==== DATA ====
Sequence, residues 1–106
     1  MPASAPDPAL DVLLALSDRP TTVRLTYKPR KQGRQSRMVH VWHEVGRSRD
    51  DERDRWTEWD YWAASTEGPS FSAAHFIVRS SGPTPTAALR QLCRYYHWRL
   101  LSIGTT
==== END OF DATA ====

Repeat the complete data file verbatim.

Sequence, residues 1–106
     1  MPASAPDPAL DVLLALSDRP TTVRLTYKPR KQGRQSRMVH VWHEVGRSRD
    51  DERDRWTEWD YWAASTEGPS FSAAHFIVRS SGPTPTAALR QLCRYYHWRL
   101  LSIGTT